RPCVs (Returned Peace Corps Volunteers) have described Peace Corps as “long days, short years.” I am starting to see the truth in this statement. As I’ve mentioned before Swaziland has a three-term system for schools. Term 1 is from the end of January to the middle of April, term 2 is from the middle of May to the middle of August and term 3 is from the middle of September to the beginning of December. At my school the teachers and students all live at the school during the school terms, during breaks the school clears out and it’s a few (3 tops) staff members and me remaining at the school. During the school term I may not always have something to do but I can always go to school and at least have people to talk to throughout the day. There are days during the term that are long and boring as well but during break the days are longer and have even less structure.
This is the time during which volunteers in communities are able to get more involved in things outside of school. It’s still a challenge because with the holidays basically no work happens during December and early January. Basically we all have tons of free time during school breaks but nothing to fill that time with. Peace Corps warns us of all this free time ahead of time. They want to make sure we don’t get discouraged by the lack of projects but at the same time that we plan accordingly and try to use this time the best that we can.
I am using this time to visit other volunteers and inviting them to visit me. During the month of December/January I have visited five volunteers and had about the same amount visit me. Now this still only fills about 2-3 days of the week. This is the longest school break at 6 weeks. I was able to use part of this break for my first vacation though so that was a bright spot in a long stretch of boring.
For my first vacation I went to Maputo, the capital of Mozambique for four days. I went with five other girls from my group. We heading to Maputo on a Thursday and started exploring the city. Maputo is a BIG city. No cities in Swaziland, including the capital, compare to the size of Maputo. There is tons of history all over the city, a building designed by Gustav Eiffel, who designed the Eiffel Tower was a nice piece of history I didn’t know about before looking at the guidebooks. The six of us spent time visiting museums, markets, and stores. We even found a mall that is very similar to something you can find in the states, again not something that can be found in Swaziland.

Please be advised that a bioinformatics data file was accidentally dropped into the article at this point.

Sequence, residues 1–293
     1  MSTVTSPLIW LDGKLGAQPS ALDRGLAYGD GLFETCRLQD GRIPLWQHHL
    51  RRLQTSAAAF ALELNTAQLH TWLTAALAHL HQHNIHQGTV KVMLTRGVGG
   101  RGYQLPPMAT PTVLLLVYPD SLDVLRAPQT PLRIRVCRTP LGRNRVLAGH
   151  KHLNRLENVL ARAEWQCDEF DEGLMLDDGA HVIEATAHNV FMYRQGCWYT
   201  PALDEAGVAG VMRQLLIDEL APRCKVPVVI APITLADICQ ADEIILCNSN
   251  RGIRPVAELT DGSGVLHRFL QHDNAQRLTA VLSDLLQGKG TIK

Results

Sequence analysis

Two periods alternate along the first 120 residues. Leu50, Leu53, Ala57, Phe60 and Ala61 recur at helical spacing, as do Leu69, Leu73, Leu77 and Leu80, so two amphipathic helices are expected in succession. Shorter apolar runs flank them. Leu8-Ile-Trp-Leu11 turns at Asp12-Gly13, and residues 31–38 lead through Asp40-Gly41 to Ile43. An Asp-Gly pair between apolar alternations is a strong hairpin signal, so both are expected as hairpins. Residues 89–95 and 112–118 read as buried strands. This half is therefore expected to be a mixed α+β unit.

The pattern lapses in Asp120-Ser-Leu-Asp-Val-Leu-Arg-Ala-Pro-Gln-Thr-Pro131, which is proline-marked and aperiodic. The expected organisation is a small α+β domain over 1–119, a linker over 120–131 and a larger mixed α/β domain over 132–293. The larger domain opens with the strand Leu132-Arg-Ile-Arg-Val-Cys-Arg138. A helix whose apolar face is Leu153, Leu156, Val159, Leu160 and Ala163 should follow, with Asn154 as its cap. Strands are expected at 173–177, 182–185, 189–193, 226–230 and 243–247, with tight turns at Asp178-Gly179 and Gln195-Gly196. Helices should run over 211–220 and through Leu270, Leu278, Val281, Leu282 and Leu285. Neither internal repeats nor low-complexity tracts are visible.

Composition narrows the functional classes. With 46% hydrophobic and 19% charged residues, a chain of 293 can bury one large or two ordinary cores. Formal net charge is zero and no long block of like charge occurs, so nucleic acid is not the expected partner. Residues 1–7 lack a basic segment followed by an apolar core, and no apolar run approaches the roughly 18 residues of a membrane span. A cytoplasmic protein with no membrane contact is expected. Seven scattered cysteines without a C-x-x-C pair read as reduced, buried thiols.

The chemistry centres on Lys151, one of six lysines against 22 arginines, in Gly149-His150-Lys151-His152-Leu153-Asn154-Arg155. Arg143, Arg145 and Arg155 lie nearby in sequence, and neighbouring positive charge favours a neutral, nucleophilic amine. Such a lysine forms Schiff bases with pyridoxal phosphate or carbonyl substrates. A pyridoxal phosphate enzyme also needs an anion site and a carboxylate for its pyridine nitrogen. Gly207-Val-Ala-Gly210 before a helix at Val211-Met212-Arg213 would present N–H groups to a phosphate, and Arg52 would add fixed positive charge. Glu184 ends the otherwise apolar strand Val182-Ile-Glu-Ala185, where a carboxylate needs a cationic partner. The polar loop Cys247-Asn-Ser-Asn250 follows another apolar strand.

We ate out a lot, options kakhulu (siswati for a lot) were available. I was able to have some amazing macaroni and cheese, which I definitely didn’t expect to find in Mozambique but it was by far the best meal I had on the trip. The challenge was ordering in Portuguese. No one in our group has ever studied Portuguese but a few of us have studied some Spanish. I quickly realized as similar as Spanish and Portuguese are, they are not the same. I was a new adventure and it the end worked out alright. One friend did have an issue when something she ordered contained pork when it hadn’t said that it would. She is Muslim and does not eat pork due to her religion. We were able to learn the word for pork and help her avoid that in the future.
On the last day of vacation we had scheduled a beach day. When we woke up in the morning, it didn’t look like it was going to happen, it was raining pretty steadily. Luckily we had set up our back up plan to pack our beach bags and head down to the mall, which would put us near the ferry to the beach if the weather cleared up. We never even had to go to the mall because the sun came out on our way to the ferry. We found our way down the beach to a hotel with a nice restaurant on a dock. From there we spend the day eating, swimming and tanning on the beach. I finally got to swim in the Indian Ocean and it was a great cap to my first Peace Corps vacation.